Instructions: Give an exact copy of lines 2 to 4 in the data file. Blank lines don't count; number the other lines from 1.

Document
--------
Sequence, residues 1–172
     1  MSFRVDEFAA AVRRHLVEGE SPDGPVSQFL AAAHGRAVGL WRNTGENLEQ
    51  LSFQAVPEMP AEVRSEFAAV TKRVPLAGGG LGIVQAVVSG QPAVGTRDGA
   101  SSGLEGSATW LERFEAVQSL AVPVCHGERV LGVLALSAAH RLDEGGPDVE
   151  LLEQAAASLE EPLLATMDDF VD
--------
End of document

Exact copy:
     1  MSFRVDEFAA AVRRHLVEGE SPDGPVSQFL AAAHGRAVGL WRNTGENLEQ
    51  LSFQAVPEMP AEVRSEFAAV TKRVPLAGGG LGIVQAVVSG QPAVGTRDGA
   101  SSGLEGSATW LERFEAVQSL AVPVCHGERV LGVLALSAAH RLDEGGPDVE